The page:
Civil Liberties in the MENA Region

April 23, 2019 Weekly Graphs

The past decade has been chaotic for the countries of the Middle East and North Africa (MENA). According to V-Dem data, the region scores the lowest in terms of civil liberties in the world.  

The Arab Spring of 2011, brought about extensive political changes within the MENA region. However, demands for democratic reforms have only resulted in one democratic outcome - Tunisia. The aftermath of the uprising resulted in political turmoil in most countries and civil wars in Libya, Syria and Yemen. The radical jihadist militant group, the Islamic State (IS) has been successfully pushed back in the region. However, its actions have devastated civilian populations. Today the region is characterized by failed states and abortive regime transitions. The majority of the citizens live under autocratic rule with very limited civil liberties.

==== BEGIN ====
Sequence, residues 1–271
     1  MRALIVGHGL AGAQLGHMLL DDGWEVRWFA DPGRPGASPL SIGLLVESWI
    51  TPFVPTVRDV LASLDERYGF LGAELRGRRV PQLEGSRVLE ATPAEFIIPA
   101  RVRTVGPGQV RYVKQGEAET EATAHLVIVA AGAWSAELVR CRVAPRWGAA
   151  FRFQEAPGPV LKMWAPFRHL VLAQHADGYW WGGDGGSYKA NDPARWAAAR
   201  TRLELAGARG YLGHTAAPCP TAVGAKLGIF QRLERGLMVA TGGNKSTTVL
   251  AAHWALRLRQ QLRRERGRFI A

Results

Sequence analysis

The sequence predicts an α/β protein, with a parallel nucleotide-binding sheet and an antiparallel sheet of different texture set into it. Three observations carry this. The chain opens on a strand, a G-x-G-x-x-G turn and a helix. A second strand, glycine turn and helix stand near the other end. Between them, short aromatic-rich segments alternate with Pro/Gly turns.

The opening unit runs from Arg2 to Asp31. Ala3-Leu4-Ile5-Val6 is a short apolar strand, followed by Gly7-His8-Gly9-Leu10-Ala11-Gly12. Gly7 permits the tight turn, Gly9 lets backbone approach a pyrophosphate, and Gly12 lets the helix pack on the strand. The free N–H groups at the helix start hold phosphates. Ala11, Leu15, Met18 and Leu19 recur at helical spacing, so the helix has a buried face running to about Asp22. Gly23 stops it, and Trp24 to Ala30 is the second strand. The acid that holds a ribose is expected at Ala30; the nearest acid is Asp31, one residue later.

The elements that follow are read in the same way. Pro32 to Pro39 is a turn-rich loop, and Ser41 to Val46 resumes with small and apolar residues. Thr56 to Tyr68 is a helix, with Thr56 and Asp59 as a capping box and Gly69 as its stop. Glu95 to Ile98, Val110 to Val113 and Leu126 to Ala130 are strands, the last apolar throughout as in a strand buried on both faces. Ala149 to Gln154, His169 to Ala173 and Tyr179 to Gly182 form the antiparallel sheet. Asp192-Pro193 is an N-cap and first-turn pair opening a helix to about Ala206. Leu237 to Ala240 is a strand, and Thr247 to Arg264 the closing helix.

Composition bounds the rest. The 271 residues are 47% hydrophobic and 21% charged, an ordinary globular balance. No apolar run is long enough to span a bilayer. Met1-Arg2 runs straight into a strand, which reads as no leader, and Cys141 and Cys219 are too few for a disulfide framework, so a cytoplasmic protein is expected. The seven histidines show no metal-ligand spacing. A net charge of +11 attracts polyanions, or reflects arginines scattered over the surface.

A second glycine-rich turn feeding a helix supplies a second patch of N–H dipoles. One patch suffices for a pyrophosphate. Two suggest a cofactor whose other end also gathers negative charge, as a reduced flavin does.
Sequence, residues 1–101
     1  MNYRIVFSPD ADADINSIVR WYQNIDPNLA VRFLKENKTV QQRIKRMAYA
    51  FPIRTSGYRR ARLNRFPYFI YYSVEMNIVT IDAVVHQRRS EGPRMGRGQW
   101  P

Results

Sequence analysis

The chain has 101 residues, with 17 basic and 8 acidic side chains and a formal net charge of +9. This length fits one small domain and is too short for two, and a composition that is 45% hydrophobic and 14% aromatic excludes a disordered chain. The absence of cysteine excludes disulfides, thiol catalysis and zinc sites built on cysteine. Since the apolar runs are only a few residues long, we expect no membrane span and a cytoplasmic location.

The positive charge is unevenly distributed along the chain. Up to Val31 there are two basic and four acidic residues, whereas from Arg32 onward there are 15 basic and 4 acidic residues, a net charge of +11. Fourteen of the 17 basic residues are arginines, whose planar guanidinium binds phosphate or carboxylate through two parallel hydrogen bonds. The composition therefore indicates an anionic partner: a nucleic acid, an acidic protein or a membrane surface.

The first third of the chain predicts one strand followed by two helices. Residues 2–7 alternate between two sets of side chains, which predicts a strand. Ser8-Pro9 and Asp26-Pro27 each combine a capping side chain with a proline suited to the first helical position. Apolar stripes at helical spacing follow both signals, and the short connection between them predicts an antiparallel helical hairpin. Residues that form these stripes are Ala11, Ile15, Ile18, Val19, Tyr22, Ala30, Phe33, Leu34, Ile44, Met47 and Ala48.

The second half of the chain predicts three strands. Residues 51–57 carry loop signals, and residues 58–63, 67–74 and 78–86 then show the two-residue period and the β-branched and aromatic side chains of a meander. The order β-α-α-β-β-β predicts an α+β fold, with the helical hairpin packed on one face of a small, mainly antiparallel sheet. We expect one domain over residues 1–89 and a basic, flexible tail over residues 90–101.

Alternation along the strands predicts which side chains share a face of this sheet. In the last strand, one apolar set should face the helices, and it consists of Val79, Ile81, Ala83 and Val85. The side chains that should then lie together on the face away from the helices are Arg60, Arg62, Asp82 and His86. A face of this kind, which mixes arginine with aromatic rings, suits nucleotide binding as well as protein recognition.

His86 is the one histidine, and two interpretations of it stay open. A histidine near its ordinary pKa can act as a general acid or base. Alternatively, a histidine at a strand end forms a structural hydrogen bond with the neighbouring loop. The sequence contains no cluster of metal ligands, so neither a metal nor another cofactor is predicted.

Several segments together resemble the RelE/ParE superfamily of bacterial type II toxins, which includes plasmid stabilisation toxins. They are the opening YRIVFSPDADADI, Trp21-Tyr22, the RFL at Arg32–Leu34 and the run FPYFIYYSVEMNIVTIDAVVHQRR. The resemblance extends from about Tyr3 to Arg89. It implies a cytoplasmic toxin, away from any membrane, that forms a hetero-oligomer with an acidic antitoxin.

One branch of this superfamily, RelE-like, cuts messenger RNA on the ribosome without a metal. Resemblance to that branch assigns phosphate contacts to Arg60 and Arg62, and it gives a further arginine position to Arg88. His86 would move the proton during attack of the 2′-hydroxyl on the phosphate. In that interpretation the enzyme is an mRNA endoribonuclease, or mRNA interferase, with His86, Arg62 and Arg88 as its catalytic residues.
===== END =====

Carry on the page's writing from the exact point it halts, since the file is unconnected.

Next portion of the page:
V-Dem’s Regional Comparison Chart, illustrates the development of civil liberties in the MENA-region by comparing the situation in 2003 and 2018.  The civil liberties index measures respect for civil liberties. It is measured on a scale of 0 to 1 where 0 indicates weak protection of individual and political rights. Countries on or close to the line have changed little between two years on the axes. Countries above the line have experienced positive changes, while countries below the line have declined. The colors indicate: improvement (green), decline (red), no change (grey). According to the graph, we see democratic reforms in Tunisia have resulted in a higher level of civil liberties to 2003. Meanwhile Erdogan’s rule in Turkey has led to a decline in civil liberties in Turkey. 

To learn more about V-Dem indices and tools, please visit v.dem.net

clindexmena.png

Back to article list